Some recent posts — Marc Andreessen explains comparative advantage on John Robb’s blog. Also goes on to explain what the US’s comparative advantages may be. Per Tyler Cowen, small businesses are outsourcing too.

These mostly have me thinking about this question: What guidance should we be giving our college-age and high-school-age kids as they think about their educational and career paths? Offshoring/globalization/whatever you call it is going to be a big fact of their lives. Complaining about it is like complaining about gravity; you just have to embrace it and learn how to use it to your advantage. Some of the points of guidance I am formulating:

* Educate yourself to the top of the world. A bachelor’s degree by itself doesn’t cut it. Plan on a masters or phd. Take advantage of today’s higher standard of living here in the US and spend more money and a longer time on education.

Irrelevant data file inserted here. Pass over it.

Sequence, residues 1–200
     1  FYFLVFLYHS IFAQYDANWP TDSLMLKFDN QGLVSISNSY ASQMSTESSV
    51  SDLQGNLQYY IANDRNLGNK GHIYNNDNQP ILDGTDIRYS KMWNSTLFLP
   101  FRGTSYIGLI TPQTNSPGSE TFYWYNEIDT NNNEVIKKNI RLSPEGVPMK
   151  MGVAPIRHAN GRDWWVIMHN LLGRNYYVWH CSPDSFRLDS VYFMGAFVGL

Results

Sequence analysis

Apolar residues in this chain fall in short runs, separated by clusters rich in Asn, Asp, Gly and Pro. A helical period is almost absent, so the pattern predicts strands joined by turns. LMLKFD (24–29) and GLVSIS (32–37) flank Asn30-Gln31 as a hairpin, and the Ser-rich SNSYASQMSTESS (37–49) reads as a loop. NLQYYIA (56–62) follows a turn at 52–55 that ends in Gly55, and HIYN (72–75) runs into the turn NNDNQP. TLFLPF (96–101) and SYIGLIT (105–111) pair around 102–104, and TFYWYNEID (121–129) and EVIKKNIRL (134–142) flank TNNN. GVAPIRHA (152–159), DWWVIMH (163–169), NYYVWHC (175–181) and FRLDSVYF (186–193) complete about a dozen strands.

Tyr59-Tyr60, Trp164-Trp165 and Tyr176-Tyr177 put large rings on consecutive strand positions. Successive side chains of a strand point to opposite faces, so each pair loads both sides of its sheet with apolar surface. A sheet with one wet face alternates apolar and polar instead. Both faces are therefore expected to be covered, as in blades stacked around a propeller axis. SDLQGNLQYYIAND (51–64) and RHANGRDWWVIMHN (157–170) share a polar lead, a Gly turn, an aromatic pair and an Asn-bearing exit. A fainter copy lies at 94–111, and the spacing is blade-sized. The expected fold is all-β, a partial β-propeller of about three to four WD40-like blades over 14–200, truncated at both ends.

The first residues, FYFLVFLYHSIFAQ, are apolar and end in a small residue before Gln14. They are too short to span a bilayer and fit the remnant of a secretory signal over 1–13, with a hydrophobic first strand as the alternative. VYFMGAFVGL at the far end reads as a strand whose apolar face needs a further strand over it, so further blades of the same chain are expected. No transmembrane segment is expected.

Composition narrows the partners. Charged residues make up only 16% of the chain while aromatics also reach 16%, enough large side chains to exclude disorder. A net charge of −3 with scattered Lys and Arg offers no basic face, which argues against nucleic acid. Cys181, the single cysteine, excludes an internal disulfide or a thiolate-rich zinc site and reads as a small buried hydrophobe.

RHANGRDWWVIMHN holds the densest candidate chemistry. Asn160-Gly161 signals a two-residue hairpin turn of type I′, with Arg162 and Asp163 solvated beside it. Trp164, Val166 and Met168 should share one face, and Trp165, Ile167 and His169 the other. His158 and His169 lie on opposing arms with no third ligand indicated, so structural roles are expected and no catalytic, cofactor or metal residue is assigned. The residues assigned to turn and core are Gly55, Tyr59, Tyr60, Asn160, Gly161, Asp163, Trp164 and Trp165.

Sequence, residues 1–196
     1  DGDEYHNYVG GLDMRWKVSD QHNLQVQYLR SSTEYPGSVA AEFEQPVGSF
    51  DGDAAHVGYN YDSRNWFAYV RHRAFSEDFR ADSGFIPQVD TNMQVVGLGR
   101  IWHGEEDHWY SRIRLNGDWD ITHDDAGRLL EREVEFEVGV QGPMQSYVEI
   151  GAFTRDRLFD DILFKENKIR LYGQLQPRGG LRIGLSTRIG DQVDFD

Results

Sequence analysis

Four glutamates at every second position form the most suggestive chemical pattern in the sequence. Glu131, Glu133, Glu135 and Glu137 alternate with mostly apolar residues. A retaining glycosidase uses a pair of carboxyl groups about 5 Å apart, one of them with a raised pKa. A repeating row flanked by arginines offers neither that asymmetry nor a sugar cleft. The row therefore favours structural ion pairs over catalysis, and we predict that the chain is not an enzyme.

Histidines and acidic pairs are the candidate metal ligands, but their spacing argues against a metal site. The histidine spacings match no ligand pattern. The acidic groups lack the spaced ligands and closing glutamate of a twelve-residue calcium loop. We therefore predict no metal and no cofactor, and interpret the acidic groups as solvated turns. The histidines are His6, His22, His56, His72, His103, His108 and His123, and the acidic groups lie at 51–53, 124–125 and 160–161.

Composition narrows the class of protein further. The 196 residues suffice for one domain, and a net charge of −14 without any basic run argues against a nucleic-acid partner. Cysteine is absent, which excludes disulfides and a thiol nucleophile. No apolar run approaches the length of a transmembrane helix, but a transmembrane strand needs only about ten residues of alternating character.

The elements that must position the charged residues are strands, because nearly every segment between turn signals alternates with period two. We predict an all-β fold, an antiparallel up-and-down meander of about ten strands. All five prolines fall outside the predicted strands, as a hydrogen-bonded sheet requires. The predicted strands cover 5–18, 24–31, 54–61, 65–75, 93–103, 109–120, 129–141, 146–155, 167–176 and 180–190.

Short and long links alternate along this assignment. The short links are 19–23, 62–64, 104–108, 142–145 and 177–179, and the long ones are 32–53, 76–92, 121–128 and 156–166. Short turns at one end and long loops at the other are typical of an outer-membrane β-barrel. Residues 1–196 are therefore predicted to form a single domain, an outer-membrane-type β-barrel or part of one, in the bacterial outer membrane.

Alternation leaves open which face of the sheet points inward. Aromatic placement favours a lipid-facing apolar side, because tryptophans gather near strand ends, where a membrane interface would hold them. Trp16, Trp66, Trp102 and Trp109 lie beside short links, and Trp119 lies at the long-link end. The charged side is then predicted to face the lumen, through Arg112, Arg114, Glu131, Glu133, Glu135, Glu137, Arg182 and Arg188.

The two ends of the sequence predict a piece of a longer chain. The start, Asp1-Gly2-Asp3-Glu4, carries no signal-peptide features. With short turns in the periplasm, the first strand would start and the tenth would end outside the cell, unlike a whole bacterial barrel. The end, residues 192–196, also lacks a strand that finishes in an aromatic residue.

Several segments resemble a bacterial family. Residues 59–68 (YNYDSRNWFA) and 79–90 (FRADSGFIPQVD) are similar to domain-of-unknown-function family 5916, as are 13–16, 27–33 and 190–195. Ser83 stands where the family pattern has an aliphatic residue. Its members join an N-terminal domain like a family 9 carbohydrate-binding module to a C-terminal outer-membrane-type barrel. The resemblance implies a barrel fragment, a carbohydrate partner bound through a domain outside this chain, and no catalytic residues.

* Be multi-lingual. The US has historically not emphasized language education. It might be more important now.

* Consider the fusing of multiple domains in education. In a world where everyone has a batchelor’s, expertise in two domains will still stand out and be valuable. Engineering AND economics, materials science AND computer science, materials science AND law, etc. I know in my own case having MSs in both business and engineering made a huge difference in the number of job offers I received as well as average salary offer — that will only be more true in the future.